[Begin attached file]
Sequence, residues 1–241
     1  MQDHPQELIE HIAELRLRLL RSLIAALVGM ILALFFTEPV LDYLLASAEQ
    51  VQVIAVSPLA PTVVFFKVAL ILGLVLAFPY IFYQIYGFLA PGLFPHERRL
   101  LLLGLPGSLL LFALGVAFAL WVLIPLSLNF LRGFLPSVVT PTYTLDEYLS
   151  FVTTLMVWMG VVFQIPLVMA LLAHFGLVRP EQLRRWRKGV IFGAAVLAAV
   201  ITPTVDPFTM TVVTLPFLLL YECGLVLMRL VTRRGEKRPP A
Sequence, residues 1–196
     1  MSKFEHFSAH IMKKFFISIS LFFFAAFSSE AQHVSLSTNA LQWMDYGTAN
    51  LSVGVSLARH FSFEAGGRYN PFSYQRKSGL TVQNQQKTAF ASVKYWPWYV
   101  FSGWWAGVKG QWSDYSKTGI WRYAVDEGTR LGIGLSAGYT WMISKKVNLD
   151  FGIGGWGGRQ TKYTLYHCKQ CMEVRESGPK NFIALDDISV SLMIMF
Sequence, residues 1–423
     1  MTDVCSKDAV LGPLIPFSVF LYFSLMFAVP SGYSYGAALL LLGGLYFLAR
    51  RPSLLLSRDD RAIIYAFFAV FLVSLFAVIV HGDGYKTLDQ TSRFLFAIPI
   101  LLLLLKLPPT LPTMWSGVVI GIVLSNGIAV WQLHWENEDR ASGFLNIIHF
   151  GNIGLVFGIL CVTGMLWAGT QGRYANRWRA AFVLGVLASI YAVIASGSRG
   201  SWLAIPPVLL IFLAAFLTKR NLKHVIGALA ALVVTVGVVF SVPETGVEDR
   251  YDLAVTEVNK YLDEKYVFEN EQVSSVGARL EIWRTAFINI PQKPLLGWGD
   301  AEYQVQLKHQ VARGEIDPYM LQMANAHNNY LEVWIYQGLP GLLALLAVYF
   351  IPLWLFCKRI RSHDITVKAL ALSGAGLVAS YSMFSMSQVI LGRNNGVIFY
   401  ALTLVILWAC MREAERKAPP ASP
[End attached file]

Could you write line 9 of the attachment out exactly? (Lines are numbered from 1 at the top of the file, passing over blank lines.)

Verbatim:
    51  LSVGVSLARH FSFEAGGRYN PFSYQRKSGL TVQNQQKTAF ASVKYWPWYV